Let’s Talk RFA
For patients suffering from chronic pain, a doctor may recommend radiofrequency ablation (RFA). The RFA procedure stops pain by destroying the nerve endings that send pain signals to the brain. A surgeon, radiologist, or pain specialist uses x-ray guidance to place a needle near the painful nerves. Radiofrequency waves then pass through the needle to burn and destroy nerve endings. Once the nerve endings are destroyed, pain signals can no longer go to the brain.
Which conditions does RFA treat?
A pain specialist will use RFA primarily for problems with the spine. Most cases involve lower back pain, a condition that 80% of the world’s population will experience. Doctors regularly recommend cervical facet RFA for neck pain due to injury, muscle strains, or poor posture. RFA is not the first line of defense for pain. The treatment works well for patients who try other conservative methods without success. Burning through nerves sounds painful, and many patients are concerned if the procedure would be uncomfortable. Fortunately, the doctor will take steps to mitigate the pain.
Wide awake but pain-free
The RFA procedure lasts for about 45 minutes. The patient lies on an x-ray table to start the procedure, and a local anesthetic numbs the area. The pain specialist uses fluoroscopy, an x-ray technique that gives a real-time view of the painful area. With fluoroscopy, the patient stays awake to help confirm the needle is in the correct location. Once the needle is set, the nerve endings are seared off using the radiofrequency current. Because of the local anesthetic, there should be no pain at the injection site, but RFA can hurt after the procedure.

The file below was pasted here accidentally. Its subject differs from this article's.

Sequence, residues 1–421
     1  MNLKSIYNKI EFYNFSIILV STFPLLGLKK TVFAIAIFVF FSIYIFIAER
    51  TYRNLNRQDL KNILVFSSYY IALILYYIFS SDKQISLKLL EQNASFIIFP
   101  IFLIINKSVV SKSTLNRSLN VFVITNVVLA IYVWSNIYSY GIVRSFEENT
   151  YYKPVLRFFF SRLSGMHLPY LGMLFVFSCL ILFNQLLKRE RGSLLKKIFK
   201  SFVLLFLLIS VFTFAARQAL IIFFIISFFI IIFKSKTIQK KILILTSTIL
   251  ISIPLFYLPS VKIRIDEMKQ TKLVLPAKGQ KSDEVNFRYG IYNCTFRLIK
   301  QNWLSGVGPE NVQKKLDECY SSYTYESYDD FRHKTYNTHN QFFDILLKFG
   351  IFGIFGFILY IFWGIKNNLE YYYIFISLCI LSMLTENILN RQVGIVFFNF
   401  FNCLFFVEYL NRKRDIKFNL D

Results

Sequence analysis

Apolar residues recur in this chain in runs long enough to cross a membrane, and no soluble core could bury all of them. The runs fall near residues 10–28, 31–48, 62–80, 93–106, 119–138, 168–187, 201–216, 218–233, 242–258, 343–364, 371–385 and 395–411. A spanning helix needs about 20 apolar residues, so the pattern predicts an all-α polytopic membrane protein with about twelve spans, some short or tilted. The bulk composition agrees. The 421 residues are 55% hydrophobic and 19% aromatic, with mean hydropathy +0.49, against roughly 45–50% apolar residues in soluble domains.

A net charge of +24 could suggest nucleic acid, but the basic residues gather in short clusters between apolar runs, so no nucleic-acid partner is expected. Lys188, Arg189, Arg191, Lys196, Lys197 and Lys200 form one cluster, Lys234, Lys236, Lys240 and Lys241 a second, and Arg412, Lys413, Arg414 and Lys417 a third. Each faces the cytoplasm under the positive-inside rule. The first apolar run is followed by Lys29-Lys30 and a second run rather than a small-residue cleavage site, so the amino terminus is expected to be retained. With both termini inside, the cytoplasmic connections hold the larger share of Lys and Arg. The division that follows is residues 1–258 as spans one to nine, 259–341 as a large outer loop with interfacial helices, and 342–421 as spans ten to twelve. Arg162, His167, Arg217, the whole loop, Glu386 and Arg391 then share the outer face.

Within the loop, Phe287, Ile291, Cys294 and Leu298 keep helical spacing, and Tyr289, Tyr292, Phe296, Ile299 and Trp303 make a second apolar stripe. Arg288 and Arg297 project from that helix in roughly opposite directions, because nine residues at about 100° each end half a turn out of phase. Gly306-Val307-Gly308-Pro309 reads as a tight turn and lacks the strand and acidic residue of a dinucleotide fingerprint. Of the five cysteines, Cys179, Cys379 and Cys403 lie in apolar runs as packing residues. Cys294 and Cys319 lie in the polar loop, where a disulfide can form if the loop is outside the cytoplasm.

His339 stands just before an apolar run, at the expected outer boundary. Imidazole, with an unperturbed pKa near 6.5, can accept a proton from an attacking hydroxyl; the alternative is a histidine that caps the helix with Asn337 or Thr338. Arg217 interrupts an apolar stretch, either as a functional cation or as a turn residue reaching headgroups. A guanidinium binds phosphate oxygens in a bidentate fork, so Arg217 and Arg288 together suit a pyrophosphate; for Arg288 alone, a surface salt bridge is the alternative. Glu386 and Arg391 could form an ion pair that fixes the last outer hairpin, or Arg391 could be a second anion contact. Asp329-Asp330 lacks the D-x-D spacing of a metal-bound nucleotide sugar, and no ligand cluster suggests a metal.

Will I feel pain after the procedure?
Right after radiofrequency ablation, patients do begin to feel some discomfort. There will be some slight burning and numbness at the injection site as the anesthetic begins to wear off. The pain is often compared to sunburn in the treated area. Even though these side effects are not severe, the pain can be difficult and can last for a few weeks. Remember, the nerves are slightly injured and have lost some function. Manage the pain with rest, ice packs, or oral medications.
After RFA, there are a few steps that can help with recovery. Make sure to avoid driving or using heavy machinery for no less than 24 hours after the process. Patients should also avoid physical activity for 24 hours and baths for at least 2 days after the procedure. Proper rest, ice packs, and the occasional over-the-counter pain reliever help with a smooth recovery. RFA should last at least 6-9 months, with some cases going as long as 2 years.
Enjoy a pain-free life with RFA
Radiofrequency ablation can help address chronic back and neck pain. The procedure destroys nerve endings to prevent signals from going to the brain. While RFA sounds complicated, the patient is awake during the process with no pain. Pain will come after the procedure, so proper pain management is vital until RFA takes effect. If chronic nerve pain impacts the quality of life, speak with a doctor or pain specialist about RFA.